When the bad luck comes, the original intention again good design will suffer. The quality of the logo depends on the behavior and policy represented.
When the bad luck comes, the original intention again good design will suffer. The quality of the logo depends on the behavior and policy represented. At the beginning of the 20th century, the million-character "Swastika" (swastika)-or hook-shaped cross, a symbol of the ancient symbol of good luck-the following products as trademarks to use: Good luck card (good Luck) bottle with sealant, refreshing card (fresh) Stop Sweat dew, swastika brand fresh fruit, swastika brand cigar, swastika sign matches, And even Coca-Cola, which looks incredible today. However, in 1922 Hitler's National Socialist Workers ' Party (ie, the Nazis) adopted this symbol, and in 1935 it was upgraded to Nazi Germany's national symbol. From that moment on, the symbolic meaning of the symbol changed from benign to evil. In the foreseeable future, the swastika of the Western culture will hardly get rid of its terrible meaning.
Paul Rand for Enron Design "E" (top), and recently discarded Circuit City logo (on).
While this is the most extreme example of a good sign of misfortune, there are numerous examples. For example, Paul Rand (Paul Rand) designed the "E" label for Enron (Enron). The energy company went bankrupt as a result of a corruption scandal, and its employees ' billions of-dollar pension was wiped out; before that, the three bars of the letter "E" represented only three pipelines in a central repository-a succinct way of interpreting the company's main assets. Although this is not necessarily Rand's best corporate logo work, it is an effective memory symbol. Until the public learns of Enron's wrongdoing--and the company's executives end up on trial, prison and suicide--The letter "E" becomes a "scarlet word", a laughingstock that people give acrimony and fierce condemnation.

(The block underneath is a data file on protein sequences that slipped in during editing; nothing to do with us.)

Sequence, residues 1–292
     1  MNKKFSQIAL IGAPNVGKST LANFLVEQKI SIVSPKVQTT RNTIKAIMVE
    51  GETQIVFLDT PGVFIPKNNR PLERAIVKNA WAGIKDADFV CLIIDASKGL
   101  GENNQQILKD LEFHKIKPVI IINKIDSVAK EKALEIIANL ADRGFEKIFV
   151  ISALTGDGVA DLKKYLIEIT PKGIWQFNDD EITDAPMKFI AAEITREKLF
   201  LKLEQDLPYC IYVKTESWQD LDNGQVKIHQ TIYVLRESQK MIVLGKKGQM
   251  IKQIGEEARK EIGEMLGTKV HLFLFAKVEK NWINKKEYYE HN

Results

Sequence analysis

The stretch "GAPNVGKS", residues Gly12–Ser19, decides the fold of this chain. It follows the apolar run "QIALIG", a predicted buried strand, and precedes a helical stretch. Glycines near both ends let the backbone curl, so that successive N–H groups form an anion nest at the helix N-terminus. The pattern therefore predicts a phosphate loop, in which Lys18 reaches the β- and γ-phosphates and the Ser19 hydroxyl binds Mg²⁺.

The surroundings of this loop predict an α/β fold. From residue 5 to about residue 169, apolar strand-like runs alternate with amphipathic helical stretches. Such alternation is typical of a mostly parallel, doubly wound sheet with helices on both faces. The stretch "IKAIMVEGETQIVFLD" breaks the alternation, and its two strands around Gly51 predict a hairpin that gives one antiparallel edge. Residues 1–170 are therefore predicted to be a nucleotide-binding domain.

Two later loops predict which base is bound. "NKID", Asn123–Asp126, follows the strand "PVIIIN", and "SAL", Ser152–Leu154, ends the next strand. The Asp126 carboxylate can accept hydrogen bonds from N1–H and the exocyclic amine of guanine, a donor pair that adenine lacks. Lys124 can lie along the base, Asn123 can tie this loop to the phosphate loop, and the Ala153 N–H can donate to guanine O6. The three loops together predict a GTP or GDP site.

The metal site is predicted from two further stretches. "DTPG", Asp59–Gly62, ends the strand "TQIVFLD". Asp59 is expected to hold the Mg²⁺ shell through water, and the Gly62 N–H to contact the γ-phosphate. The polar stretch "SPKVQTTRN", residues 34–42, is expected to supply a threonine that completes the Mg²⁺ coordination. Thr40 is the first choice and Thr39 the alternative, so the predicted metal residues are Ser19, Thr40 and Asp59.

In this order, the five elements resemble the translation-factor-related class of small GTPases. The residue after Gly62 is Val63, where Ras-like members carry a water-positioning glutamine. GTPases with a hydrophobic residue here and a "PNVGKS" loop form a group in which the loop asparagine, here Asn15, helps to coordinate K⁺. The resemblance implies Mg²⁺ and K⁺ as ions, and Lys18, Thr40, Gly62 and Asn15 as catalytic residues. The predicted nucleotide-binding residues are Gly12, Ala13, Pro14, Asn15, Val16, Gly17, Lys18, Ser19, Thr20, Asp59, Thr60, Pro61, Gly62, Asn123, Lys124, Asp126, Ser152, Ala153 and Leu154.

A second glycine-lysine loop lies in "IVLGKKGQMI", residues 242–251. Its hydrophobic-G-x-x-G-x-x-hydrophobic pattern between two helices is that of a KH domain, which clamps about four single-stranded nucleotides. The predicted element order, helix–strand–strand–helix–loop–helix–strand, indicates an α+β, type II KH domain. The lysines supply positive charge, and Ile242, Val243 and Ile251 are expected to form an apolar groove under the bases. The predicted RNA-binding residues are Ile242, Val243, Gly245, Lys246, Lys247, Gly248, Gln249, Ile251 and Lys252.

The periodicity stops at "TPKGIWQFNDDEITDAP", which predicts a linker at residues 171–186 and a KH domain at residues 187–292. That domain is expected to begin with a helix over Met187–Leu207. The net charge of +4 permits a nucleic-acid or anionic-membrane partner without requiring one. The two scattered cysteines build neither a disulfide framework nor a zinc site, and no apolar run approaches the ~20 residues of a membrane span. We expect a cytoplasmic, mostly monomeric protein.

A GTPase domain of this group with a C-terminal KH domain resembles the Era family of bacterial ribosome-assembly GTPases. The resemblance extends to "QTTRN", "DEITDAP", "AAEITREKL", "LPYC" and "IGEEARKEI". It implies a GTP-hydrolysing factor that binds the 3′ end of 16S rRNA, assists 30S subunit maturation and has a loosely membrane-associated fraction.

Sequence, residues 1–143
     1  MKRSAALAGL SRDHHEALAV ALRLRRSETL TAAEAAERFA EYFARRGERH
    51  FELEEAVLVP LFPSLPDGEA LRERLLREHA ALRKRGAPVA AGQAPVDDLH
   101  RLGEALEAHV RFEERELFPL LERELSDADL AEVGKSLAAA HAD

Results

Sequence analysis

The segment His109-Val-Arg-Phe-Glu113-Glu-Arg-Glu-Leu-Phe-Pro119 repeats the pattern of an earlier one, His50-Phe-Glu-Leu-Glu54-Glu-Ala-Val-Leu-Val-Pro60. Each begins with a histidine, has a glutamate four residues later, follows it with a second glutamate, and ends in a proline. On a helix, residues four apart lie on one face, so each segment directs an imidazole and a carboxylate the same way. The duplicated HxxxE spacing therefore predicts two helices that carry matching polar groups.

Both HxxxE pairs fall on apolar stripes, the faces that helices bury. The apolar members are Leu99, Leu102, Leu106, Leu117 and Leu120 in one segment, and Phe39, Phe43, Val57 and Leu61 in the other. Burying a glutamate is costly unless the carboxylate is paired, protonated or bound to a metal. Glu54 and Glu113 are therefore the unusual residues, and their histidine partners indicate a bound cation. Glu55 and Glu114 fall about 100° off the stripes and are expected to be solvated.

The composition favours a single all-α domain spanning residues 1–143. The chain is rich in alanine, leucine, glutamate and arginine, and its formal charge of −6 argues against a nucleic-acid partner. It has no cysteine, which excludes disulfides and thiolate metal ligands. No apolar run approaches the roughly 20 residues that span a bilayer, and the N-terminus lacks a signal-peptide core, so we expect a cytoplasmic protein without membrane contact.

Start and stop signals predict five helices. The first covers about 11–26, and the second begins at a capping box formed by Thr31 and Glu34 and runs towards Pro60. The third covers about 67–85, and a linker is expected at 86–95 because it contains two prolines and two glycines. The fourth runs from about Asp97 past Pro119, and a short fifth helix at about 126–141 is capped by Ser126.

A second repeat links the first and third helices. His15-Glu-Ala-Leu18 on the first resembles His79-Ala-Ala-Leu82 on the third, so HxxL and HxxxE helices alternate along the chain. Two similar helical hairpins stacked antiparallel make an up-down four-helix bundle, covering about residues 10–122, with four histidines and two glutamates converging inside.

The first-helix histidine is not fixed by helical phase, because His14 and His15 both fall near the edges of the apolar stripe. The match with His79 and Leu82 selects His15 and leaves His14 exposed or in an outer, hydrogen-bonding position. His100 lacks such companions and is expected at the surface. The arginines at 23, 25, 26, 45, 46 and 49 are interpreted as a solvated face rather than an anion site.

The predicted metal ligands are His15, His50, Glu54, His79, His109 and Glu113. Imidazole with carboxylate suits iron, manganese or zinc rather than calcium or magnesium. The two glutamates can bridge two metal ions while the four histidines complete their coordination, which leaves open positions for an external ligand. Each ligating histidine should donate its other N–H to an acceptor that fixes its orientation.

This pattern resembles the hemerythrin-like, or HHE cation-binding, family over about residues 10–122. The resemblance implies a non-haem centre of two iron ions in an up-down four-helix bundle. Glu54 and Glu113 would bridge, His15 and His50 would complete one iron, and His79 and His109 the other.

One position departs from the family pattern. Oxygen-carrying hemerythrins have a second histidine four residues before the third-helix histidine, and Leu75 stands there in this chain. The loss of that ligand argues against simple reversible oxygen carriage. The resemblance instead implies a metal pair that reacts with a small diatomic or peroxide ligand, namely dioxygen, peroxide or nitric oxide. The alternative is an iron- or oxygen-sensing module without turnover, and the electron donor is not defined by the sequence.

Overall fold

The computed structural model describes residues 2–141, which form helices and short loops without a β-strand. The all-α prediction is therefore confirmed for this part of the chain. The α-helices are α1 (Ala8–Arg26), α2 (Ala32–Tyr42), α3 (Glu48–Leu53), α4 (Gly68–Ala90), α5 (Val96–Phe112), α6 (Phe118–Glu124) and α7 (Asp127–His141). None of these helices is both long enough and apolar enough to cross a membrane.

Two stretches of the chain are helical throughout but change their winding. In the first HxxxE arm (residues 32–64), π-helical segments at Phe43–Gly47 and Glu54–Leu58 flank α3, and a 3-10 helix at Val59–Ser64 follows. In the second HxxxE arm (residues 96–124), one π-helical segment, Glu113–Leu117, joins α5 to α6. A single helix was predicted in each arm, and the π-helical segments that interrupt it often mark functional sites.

Rand warns that logos, like "Rabbit's Feet", symbolize luck and are full of mystical and magical features that are not always rooted in reason. He further pointed out that only if the entity represented was good, the mark could be said to be good. Edsel (Edsel) car in the market nationalists awry, so Edsel this name and trademark and stupidity is always linked together. Recently, the boxed electronics and home appliance retailer of Circuit City Circuit closed, and I bet other retailers in the short term will not imitate the use of similar red circular logos to avoid dressing themselves up as losers. Although the cause of the Circuit City bankruptcy is the economic depression, but also inevitably affected people's view of the logo. A logo is the face of a company, institution, or country. It contains the brand's good, bad and ugly and many other aspects. Its fortunate and unfortunate, positive and negative implications depend on the large environment in which it exists. In the Kingdom of the mark, the environment concerns everything.
Many comments have vilified Anil (Arnell Group) for the "Pure Fruit Music" (Tropicana) design of the packaging and logos that they see as prosaic. After unexpectedly encountering public protests, "pure fruit music" was forced to return to a more specific package: the orange and striped straw as the theme. But not many people remember that before this symbolic orange, the fruit juice was packaged with a racist trademark-"Qiao
The "Pure Fruit Music" (right), redesigned by the group in 2009, angered customers, but was dwarfed by the "playful-Anna" (left) of the the 1970s trademark, which had a racist meaning.